All of these concepts were incorporated in the building of 1418 Dollar Avenue, whose most unusual feature is the large living room which was originally accessed only by the one door near the entrance and thus set off completely from the main block of the house.  The original large metal casement windows would have further “modernized” and differentiated the space.

            The tidy, attractive, and well-built house appealed to the newly married and upwardly mobile Duke University graduates R. Lynwood Baldwin Jr. and his wife Betty Pyle Baldwin who rented the house just after it was built.  Baldwin’s father had opened Baldwin’s department store on Main Street in 1911, and the younger Baldwin had grown up in the family home in Morehead Hill at 904 Vickers Avenue.  He served as the department store’s comptroller at the time the couple lived on Dollar Avenue and would eventually assume ownership of the store.  The Baldwins had three children while living at 1418 Dollar Avenue.  They put their two young daughters in the second bedroom and their baby boy slept in a crib in the dining room. When their fourth baby was on the way, the Baldwins moved to a new, larger home of their own in Hope Valley.

            In late 1949, Edward J. Evans and his wife Frances C. Evans bought the house at 1418 Dollar.  Evans and his first and later second wife made this house their home for the next fifty-seven years.  Evans grew up in Oxford, North Carolina, and moved to Durham as a young man to work for Liggett & Myers Tobacco Company.  He was a supervisor in the maintenance department when he retired after forty-five years.  His second wife Alice Lee Canada Gearhart Evans also worked for Liggett & Myers, retiring after thirty-four years.

            The home’s current owner has been in the home for over ten years, continuing to care for it and make it her own. She added a door opening in the wall between the living and dining rooms, connecting the spaces and bringing more light into the dining room. She replaced the original appliances and white wooden kitchen cabinets with a modern kitchen and has added (or will be adding) new tile in the bathroom.  She recently had the interior freshly painted.  Though most of the original windows have been replaced, the original wood floors remain and the home retains the quality and character with which it was built.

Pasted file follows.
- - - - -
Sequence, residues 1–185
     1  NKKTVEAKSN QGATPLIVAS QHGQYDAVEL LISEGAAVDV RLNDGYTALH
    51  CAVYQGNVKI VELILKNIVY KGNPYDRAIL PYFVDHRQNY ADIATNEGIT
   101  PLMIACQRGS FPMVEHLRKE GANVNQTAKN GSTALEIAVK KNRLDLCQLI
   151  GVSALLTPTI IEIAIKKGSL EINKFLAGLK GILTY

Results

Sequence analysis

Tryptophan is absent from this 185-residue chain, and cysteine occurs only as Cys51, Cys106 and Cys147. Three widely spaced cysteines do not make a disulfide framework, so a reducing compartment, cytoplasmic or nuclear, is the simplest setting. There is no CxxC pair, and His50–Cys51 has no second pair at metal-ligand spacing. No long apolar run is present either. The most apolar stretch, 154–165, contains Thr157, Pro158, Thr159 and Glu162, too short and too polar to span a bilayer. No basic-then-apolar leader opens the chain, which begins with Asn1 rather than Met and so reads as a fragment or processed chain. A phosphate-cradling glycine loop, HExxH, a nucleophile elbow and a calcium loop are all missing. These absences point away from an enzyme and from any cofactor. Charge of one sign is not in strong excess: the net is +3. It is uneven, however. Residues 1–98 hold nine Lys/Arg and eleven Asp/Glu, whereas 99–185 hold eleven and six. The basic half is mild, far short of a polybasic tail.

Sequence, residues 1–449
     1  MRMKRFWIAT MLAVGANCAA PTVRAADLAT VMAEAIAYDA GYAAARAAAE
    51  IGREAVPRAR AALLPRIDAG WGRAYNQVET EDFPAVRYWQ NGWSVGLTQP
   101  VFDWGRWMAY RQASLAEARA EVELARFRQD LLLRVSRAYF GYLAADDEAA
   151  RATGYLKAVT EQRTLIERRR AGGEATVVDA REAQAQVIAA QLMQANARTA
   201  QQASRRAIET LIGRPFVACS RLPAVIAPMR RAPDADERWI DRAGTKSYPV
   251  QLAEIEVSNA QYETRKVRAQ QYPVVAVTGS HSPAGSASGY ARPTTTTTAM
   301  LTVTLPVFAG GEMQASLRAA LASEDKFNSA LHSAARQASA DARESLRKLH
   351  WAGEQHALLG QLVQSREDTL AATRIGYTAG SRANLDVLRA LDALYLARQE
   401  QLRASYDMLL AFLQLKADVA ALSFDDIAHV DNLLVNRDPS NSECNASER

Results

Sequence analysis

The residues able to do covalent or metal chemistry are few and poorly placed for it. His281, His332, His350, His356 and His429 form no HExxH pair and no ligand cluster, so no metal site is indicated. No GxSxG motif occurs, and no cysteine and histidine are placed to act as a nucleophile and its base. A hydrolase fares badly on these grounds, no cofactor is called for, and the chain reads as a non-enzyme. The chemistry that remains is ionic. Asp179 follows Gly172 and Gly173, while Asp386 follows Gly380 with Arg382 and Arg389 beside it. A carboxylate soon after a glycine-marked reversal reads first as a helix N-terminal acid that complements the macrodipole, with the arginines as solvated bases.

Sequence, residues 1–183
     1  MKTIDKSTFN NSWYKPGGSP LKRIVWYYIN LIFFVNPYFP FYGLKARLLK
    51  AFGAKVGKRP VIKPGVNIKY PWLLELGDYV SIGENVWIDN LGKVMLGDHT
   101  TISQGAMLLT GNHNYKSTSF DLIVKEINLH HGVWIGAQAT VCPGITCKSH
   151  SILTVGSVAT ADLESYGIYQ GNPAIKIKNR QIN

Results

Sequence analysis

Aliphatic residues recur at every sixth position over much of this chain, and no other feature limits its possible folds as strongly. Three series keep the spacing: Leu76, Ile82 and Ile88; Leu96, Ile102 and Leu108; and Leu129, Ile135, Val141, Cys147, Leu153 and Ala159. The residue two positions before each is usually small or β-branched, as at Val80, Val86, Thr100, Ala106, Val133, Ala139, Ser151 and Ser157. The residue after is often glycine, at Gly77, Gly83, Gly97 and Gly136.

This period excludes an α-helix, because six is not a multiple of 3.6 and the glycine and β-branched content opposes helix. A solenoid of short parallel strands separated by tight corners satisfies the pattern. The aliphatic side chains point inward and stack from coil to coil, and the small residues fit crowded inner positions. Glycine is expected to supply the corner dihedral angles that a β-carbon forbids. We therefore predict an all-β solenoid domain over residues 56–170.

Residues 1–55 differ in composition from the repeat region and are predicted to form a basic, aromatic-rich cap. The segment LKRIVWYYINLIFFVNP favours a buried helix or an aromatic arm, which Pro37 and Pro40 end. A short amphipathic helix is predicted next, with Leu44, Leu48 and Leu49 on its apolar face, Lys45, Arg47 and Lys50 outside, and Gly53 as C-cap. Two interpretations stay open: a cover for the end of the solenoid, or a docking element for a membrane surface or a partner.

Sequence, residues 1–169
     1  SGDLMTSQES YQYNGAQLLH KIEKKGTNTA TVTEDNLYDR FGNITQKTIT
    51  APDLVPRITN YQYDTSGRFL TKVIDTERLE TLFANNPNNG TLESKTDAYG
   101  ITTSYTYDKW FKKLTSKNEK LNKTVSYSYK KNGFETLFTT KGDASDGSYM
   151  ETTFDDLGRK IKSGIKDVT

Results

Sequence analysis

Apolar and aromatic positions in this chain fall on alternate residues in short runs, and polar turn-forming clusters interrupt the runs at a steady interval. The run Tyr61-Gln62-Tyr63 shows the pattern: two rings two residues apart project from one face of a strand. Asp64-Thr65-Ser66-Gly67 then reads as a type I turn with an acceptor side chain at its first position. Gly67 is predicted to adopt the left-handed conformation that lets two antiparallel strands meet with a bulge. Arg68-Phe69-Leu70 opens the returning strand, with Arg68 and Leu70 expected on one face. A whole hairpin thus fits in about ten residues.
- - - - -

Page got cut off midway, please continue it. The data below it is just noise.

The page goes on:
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1412 DOLLAR AVE. – CLAIBORNE & FRANCES MONTGOMERY HOUSE

1412
,
Durham
NC
Built in
1938
Architectural style: 
National Register: 
Neighborhood: 
Type: 
Use: 

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1412
,
Durham
NC
Built in
1938
Architectural style: 
National Register: 
Neighborhood: 
Type: 
Use: 

 

(Courtesy of Lappegard Photography, March 2019)
 
Featured in the 2019 Preservation Durham Home Tour (text in italics below from the tour booklet):
 
            For at least nine Durham families, the unassuming home at 1412 Dollar Avenue has been the stage for their realization of the American Dream.  A young florist, a rising bank employee, an entrepreneurial service station worker, a war hero – all among those for whom this property was not simply a place to lay their heads at night, but a key investment in their financial well-being and that of their families.